Creativity and technology in education: an international perspective

Danah Henriksen, Michael Henderson, Edwin Creely, Sona Ceretkova, Miroslava Černochová, Evgenia Sendova, Erkko T. Sointu, Christopher H. Tienken

    Research output: Contribution to journalArticleResearchpeer-review

    33 Citations (Scopus)


    In this article, we consider the benefits and challenges of enacting creativity in the K-12 context and examine educational policy with regard to twenty-first century learning and technology. Creativity is widely considered to be a key construct for twenty-first century education. In this article, we review the literature on creativity relevant to education and technology to reveal some of the complex considerations that need to be addressed within educational policy. We then review how creativity emerges, or fails to emerge, in six national education policy contexts: Australia, Bulgaria, the Czech Republic, Finland, Slovakia, and the U.S. We also locate the connections, or lack of, between creativity and technology within those contexts. While the discussion is limited to these nations, the implications strongly point to the need for a coherent and coordinated approach to creating greater clarity with regards to the rhetoric and reality of how creativity and technology are currently enacted in educational policy.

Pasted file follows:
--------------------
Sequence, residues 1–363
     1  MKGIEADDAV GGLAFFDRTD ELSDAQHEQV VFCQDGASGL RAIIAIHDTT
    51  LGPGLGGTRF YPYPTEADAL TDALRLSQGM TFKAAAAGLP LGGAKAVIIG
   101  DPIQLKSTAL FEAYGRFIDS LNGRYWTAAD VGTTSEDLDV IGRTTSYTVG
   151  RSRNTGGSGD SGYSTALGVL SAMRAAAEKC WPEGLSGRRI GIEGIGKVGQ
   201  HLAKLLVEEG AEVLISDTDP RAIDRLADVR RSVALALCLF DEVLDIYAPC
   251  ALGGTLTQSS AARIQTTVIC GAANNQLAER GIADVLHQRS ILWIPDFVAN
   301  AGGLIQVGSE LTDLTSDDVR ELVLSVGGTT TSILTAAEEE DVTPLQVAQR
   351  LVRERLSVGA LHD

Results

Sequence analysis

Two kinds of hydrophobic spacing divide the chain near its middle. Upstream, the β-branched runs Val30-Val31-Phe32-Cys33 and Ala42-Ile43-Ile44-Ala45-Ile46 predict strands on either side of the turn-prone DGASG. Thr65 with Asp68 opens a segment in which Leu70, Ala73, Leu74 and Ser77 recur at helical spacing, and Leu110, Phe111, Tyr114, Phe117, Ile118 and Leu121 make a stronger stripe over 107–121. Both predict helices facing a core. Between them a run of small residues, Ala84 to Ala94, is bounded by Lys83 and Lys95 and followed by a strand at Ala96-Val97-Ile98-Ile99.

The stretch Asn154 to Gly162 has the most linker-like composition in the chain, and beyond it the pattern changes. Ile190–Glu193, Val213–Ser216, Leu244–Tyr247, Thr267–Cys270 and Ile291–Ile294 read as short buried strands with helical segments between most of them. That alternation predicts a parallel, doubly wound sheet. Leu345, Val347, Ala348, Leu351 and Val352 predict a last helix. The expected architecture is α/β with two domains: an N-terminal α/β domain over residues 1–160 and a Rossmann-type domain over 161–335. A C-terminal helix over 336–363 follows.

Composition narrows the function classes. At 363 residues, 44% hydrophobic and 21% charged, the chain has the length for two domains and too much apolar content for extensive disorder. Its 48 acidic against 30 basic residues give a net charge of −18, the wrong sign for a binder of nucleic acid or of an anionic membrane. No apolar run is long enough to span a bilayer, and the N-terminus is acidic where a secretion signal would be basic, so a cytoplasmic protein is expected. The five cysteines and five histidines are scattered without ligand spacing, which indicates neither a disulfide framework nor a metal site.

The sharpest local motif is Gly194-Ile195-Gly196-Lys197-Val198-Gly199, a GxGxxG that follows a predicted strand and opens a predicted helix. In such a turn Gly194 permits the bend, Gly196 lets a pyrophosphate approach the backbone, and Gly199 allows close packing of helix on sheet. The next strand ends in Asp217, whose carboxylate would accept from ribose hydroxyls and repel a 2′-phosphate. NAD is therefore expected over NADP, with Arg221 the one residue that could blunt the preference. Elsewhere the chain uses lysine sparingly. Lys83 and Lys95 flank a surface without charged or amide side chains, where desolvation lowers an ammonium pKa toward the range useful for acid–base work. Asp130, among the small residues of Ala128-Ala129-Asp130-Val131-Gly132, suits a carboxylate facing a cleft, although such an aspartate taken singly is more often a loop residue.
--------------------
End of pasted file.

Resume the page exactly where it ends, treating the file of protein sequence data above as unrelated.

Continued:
Original languageEnglish
    Pages (from-to)409-424
    Number of pages16
    JournalTechnology, Knowledge and Learning
    Issue number3
    Publication statusPublished - 1 Oct 2018


    • Creative learners
    • Creative teaching
    • Creativity
    • Educational technology
    • International education policy
    • National policy contexts
    • Review
    • Teaching and learning
    • Twenty-first century learning

    Cite this